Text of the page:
Senator Herbert Hays - They are good men.

Senator BROWN - I am not saying one word against the character of those honorable gentlemen, but if it is right to hold Empire conferences, it is equally right to hold international conferences which deal with issues which are larger even than those dealt with at conferences within the British Empire.

Senator Foll - I do not believe in the people deluding themselves.

Senator BROWN - But people should not only adhere to ideals but should also take cognizance of realty, lien should not jump to the conclusion that simply because the League of Nations has failed in one direction, it is completely a failure. The threatened disintegration of the League as the result of the intense economic antagonism that exists to-day among nations of the world should be prevented. It is necessary that we support the League of Nations because, to some extent at least, its existence is warding off an immediate clash of the powers. Any influence that for even the space of a few years can ward off a great international upheaval deserves support; it assists the forces that are working through the international Labour organization to institute economic societies which will fight not for supremacy but for the common welfare. The work of the International Labour Office in this direction is commendable. It has directed attention to the disabilities of workers who toil for long hours. Sir Frederick Stewart, as a representative of the Commonwealth Government at the International Labour Conference at Geneva supported a reduction of the hours of labour, and many nations have decided to effect this reform. There is no doubt that the thinkers of the world are rapidly reaching the belief that a reduction of the hours of labour is one of the greatest reforms that it is possible to place on the statute-book. It takes precedence over other ameliorative measures such as national insurance; it is far better that we should spread work and wages over the mass than that we should divide the people and say that one section shall be out of work for so many months of the year and shall be recompensed with the dole.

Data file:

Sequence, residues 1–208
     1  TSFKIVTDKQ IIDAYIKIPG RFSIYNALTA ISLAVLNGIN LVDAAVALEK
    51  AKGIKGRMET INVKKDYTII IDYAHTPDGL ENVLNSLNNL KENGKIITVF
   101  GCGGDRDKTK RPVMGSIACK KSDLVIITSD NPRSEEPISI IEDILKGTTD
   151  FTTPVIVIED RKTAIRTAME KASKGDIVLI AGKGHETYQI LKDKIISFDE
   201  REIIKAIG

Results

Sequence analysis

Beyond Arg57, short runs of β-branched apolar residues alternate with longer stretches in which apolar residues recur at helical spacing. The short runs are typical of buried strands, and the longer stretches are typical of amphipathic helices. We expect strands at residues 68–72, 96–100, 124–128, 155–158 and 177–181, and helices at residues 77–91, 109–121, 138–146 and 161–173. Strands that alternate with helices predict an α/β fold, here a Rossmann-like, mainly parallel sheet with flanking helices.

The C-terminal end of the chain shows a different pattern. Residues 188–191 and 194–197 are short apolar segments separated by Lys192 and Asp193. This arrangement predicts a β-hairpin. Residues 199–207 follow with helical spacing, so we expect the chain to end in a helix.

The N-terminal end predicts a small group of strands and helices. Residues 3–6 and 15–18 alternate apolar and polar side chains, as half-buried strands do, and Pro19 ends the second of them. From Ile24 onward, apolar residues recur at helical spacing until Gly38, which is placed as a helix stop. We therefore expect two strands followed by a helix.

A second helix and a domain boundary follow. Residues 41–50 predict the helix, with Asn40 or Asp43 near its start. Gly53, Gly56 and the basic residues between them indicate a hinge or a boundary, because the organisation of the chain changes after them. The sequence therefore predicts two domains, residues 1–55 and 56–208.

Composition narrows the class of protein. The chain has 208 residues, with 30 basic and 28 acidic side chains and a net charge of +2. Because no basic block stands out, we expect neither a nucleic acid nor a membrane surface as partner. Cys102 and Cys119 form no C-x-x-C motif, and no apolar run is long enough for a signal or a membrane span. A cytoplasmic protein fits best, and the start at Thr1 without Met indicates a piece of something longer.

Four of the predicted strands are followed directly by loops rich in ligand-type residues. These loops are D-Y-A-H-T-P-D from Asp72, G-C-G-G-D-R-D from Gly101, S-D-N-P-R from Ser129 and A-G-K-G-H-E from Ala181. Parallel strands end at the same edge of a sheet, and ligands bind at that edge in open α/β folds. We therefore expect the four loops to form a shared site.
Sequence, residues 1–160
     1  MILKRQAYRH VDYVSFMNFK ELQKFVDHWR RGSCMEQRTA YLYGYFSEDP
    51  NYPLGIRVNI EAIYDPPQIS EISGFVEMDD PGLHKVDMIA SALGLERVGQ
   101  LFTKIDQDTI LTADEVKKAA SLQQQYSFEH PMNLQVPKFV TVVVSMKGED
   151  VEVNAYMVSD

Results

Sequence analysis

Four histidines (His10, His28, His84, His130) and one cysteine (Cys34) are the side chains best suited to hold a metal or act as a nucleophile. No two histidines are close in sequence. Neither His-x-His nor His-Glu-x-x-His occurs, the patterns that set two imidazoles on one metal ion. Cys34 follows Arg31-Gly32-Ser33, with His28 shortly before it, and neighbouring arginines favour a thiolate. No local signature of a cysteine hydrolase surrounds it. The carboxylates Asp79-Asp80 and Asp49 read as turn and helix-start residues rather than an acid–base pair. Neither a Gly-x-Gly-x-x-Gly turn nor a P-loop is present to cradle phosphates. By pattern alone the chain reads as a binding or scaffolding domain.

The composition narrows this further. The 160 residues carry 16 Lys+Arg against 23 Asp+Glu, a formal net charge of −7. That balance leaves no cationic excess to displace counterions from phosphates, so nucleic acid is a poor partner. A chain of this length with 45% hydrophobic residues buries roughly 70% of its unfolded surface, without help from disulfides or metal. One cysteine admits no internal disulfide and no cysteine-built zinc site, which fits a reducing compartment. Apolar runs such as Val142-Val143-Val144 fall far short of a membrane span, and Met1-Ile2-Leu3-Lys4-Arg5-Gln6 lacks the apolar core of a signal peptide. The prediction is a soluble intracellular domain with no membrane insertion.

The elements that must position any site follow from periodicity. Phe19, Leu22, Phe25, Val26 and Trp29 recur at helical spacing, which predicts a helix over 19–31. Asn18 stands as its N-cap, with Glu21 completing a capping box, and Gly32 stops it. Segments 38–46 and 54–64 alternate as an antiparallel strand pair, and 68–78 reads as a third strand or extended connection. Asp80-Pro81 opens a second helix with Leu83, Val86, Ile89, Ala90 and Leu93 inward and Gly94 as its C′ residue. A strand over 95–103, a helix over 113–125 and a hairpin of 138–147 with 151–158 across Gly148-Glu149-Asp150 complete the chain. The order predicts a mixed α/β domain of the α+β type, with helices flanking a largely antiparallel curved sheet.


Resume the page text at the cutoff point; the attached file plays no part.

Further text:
Senator Herbert Hays - The seasonal employments in Australia force that on the people.

Senator BROWN - It is admitted that the seasonal worker is a problem, but not all of those who are on the dole for part of the year are seasonal workers.

Senator Sir George Pearce - I remind the honorable senator that the report which the Senate is now discussing does not deal with the 40-hour week.

Senator BROWN - The whole matter is linked up with the affairs pf the International Labour Organization. That body has fully justified its existence, and we on this side hope that it will continue with the good work that it has done in the past.